The 25 areas on the Delta variant watchlist revealed – as cases in England rise to highest level since February
TWENTY five areas are now on a Delta variant watchlist – as Covid cases in England have risen to the highest level since February.
Areas such as Glasgow, Oldham and Edinburgh have all seen an increase in cases over the last week, data from the ZOE Symptom Tracker app shows.
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The team has highlighted the areas that could become variant hotspots across local authorities in the UK.
It found that in the last seven days cases have increased in several areas in Scotland.
In Glasgow City, East Lothian, City of Edinburgh, East Renfrewshire, Renfrewshire and Perth and Kinross cases have risen.
There is only one place in England that appears on the list of places where case have also risen and that is Oldham.
The places listed in the top 25 give an indication as to where cases are rising.
It comes as data from NHS Test & Trace shows that cases are currently at their highest levels since February 17 – when the UK was still living through the third coronavirus lockdown.
The data states that between June 17 and June 23, 79,248 people had tested positive for the virus, an increase of 43 per cent on the week before.
Data from Test and Trace also shows that test times have been consistent, but that there had been a drop off between the weeks ending May 19 and June 16.
Over 83.8 per cent of tests were received in 24 hours, compared to 81.8 per cent the week before.
Despite this tests are taking on average slightly longer to turn around with home tests going from 38 to 41 hours and satellite tests from 33 to 37 hours.
A separate data set published today by Public Health England (PHE) also revealed that cases have risen in all regions in the last week.
Case rates per 100,000 were highest in the North East at 346.4 and the lowest in the East of England with a rate of 87.8.
Responding to the figures, Public Health England medical director Yvonne Doyle said: "Across all areas of the country cases are rising rapidly, although it is encouraging to see that hospitalisations and deaths are not rising at the same rate.
"Case rates are currently highest in the younger age groups, who are less likely to be hospitalised – so the vaccine is working to reduce severe disease in the most vulnerable groups.
"Many of us will be joining friends and family to watch England in the Euros on Saturday night, but please follow the guidelines in place to reduce the risk and enjoy the match safely – watching the game outside will always be safer than gathering indoors."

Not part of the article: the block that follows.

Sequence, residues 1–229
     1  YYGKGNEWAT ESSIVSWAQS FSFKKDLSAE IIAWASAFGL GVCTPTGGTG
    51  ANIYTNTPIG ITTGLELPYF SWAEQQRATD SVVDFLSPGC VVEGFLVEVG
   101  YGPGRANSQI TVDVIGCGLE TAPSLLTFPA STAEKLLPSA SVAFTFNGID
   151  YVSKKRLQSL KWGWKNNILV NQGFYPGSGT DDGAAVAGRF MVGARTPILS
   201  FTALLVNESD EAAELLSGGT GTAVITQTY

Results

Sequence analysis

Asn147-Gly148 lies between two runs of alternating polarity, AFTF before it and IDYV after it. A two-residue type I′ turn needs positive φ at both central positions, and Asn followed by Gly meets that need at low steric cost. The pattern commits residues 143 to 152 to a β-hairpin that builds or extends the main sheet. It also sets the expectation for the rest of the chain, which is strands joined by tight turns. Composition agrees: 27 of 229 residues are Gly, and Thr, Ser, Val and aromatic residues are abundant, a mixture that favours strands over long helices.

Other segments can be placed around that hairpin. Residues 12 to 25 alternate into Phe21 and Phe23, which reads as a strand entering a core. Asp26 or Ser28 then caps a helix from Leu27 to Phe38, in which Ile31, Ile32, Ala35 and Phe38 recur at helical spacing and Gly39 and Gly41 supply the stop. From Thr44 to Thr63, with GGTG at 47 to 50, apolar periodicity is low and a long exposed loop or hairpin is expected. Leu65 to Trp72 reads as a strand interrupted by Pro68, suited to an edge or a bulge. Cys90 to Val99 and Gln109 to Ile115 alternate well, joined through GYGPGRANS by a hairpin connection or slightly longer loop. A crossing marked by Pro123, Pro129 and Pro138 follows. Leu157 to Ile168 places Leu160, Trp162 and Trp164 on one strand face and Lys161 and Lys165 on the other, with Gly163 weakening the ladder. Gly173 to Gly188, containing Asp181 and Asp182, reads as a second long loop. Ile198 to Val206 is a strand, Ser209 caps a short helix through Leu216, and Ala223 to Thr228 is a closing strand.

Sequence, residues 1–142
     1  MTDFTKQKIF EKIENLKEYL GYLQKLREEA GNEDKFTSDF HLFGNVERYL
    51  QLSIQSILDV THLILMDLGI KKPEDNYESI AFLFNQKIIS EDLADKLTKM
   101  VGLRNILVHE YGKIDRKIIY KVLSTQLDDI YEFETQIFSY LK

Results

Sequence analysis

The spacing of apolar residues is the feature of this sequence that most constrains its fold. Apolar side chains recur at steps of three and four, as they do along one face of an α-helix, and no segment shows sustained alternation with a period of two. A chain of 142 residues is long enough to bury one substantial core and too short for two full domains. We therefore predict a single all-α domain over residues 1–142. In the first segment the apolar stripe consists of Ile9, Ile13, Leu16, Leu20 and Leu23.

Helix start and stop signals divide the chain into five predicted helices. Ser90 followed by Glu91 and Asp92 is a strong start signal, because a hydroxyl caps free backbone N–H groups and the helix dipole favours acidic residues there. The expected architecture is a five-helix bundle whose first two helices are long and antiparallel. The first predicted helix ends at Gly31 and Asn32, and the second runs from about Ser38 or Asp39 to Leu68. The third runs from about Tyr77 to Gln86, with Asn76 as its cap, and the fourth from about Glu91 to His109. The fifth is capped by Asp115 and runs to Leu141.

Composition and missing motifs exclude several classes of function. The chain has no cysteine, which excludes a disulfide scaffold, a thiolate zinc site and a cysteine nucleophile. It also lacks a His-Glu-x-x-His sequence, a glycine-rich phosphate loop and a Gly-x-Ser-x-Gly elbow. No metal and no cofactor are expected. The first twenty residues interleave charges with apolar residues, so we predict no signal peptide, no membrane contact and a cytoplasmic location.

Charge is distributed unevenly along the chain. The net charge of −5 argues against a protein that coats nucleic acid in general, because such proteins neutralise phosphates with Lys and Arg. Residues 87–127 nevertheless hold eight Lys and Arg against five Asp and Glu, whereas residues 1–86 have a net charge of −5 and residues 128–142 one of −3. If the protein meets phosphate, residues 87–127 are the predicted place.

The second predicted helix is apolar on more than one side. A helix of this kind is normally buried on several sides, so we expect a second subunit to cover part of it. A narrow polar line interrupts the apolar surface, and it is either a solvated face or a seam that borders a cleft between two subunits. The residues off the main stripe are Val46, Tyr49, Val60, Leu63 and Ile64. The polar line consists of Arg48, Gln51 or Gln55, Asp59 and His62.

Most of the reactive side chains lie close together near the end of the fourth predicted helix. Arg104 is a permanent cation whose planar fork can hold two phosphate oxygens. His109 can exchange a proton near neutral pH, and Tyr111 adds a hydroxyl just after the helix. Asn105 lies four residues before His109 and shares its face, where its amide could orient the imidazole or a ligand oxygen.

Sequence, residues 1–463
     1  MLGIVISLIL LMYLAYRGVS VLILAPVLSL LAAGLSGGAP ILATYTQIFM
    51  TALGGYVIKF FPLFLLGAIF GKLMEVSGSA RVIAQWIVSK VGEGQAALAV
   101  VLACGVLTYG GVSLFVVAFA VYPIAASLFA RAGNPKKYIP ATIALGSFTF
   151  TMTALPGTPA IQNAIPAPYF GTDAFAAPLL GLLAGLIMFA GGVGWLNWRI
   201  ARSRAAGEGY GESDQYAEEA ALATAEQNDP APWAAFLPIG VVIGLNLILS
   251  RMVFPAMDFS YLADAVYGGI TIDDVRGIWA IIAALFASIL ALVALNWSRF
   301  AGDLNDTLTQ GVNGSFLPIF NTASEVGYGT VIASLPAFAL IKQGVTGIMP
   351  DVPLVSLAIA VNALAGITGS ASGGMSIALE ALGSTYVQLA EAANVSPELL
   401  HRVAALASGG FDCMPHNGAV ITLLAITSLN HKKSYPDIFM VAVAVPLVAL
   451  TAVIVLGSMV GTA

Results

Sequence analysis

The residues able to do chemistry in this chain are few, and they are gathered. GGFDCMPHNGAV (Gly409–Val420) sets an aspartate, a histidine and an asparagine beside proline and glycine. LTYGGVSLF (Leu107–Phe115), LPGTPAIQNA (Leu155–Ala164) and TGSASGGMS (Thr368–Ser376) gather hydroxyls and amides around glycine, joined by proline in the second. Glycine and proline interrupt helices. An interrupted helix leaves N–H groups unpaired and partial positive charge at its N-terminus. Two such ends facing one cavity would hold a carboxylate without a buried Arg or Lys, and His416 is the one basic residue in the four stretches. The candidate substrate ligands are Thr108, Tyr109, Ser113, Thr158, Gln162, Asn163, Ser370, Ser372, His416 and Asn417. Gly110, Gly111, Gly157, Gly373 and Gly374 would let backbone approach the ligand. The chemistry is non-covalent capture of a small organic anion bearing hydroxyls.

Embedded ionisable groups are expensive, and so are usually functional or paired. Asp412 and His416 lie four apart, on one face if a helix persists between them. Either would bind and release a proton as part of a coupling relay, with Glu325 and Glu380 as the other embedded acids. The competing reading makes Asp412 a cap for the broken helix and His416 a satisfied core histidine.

ZOE data shows that infections in Dundee need to be monitored as this is currently the top of the watchlist with 2,873 cases per 100,000 in the last week.
The second most infected areas, according to app data is Aberdeen City, which recorded 2,045 cases in the last seven days.
Away from Scotland and Liverpool is the third areas that experts are saying needs to be monitored.
In Liverpool 2,035 cases have been reported and people in three areas of the city have been urged to get Covid tests as soon as possible due to a rise in infections.
Public health officials in the area have highlighted that the rise in cases is down to the Delta variant – which is now the dominant strain in the UK.
The wards of Greenbank, Picton and Riverside were all urged to get tests and Director of Public Health, Matthew Asthton said it's "stark reminder" that Covid hasn't gone away and still poses a threat to people.
He explained: "Rates of infection have rocketed over the last few weeks in those age groups which have not yet been fully vaccinated and is having a knock-on effect for schools, hospitality and employers as people are having to self-isolate.
“It is absolutely vital we continue to do everything we can to keep it under control."
Glasgow, Oldham and Manchester are all after Liverpool, followed by Nottingham, East Lothian and Bolton.
Cases are at 1,072 in Birmingham and 1,065 in Edinburgh.
In Edinburgh public health officials said the rise in cases cannot be attributed to the latest unlocking that took place in Scotland last month.
Across the UK over 44.7 million people have had a first dose of a coronavirus vaccine and 32.8 million have now had a second.
Edinburgh has the lowest vaccination rate out of all areas in Scotland.
Linda Bauld, professor of public health at the University of Edinburgh said: "All the urban areas have been the slowest in terms of delivering the vaccines.
"Edinburgh is not unique in that – it's consistently been Glasgow, Aberdeen, or Edinburgh".
She added that it's more difficult to get people vaccinated in urban areas.
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